Appearance''Nepenthes rafflesiana'' is a scrambling vine. The stem may climb to a height of 15 m and is up to 10 mm thick. Internodes are up to 20 cm long. Tendrils may be over 110 cm long.
The lower pitchers of ''N. rafflesiana'' are bulbous and possess well-developed fringed wings. These terrestrial traps rarely exceed 20 cm in height, although the giant form of ''N. rafflesiana'' is known produce pitchers up to 35 cm long and 15 cm wide. Upper pitchers are funnel-shaped and often bear a distinctive raised section at the front of the peristome. Both types of pitchers have a characteristically elongated peristome neck that may be 3 cm or more in length.
Pitcher colouration varies greatly from dark purple to almost completely white. The typical form of ''N. rafflesiana'' is light green throughout with heavy purple blotches on the lower pitchers and cream-coloured aerial pitchers.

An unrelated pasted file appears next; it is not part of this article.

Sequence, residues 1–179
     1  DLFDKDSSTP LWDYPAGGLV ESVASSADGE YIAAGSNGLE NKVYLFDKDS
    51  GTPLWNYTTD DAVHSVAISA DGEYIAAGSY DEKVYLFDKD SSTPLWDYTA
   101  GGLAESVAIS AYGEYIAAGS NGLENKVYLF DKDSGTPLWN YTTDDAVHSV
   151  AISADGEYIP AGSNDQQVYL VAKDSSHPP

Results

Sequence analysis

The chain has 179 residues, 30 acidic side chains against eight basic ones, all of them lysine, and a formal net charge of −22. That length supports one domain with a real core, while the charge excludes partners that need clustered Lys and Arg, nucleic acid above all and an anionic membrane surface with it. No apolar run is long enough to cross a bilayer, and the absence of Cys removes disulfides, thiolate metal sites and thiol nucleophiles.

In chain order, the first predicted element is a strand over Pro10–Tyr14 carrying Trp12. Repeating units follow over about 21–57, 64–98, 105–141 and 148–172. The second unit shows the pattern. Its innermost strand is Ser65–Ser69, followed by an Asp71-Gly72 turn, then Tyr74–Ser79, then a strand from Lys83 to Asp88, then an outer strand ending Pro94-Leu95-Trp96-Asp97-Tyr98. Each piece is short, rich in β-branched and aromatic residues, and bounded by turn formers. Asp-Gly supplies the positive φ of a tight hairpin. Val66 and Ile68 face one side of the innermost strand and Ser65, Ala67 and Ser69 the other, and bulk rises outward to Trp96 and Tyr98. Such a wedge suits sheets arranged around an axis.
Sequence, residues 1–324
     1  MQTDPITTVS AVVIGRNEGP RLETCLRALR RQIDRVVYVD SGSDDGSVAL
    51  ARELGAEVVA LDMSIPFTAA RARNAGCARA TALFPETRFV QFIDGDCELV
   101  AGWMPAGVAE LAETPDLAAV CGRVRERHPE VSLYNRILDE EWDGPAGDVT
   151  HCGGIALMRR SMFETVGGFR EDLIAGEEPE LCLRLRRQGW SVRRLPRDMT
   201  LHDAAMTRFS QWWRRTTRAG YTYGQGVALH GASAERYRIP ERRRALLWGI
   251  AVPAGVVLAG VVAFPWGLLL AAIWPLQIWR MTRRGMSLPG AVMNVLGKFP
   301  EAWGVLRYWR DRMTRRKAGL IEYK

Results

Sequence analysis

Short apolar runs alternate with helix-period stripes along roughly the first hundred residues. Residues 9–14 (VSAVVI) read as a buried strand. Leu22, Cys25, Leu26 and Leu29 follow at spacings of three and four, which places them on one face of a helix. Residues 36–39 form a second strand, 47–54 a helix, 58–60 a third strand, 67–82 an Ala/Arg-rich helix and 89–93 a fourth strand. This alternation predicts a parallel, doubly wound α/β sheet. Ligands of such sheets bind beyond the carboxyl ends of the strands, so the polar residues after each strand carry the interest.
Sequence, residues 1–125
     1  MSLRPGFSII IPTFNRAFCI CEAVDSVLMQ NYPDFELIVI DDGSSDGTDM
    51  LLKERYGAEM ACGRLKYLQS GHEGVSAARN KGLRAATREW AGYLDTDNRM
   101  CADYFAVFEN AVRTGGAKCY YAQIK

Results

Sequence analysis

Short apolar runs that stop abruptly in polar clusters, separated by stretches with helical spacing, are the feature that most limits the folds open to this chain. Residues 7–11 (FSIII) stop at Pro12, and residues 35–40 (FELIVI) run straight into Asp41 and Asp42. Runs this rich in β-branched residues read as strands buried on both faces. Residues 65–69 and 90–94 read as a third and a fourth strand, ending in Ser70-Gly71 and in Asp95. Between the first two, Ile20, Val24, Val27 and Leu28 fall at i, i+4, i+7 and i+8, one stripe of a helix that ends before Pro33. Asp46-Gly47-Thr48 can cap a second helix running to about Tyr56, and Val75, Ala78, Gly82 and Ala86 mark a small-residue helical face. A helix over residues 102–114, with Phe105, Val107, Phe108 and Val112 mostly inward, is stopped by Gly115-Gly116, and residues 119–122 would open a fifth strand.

The inflorescence is a raceme and grows between 16 and 70 cm tall. The red or purple flowers usually occur singly, or sometimes in pairs, on each flower-stalk.
Young plants are wholly covered with long, caducous, brown or white hairs. Mature plants often have a sparse indumentum of short, brown hairs, though they may be completely glabrous.
Giant plants of N. rafflesiana have been recorded from a number of isolated localities on the northwestern coast of Borneo and one population has been found near the seaside town of Sematan, around 110 km west of Kuching. The typical habitat of this form is dense heath forest, especially around vegetation boundaries.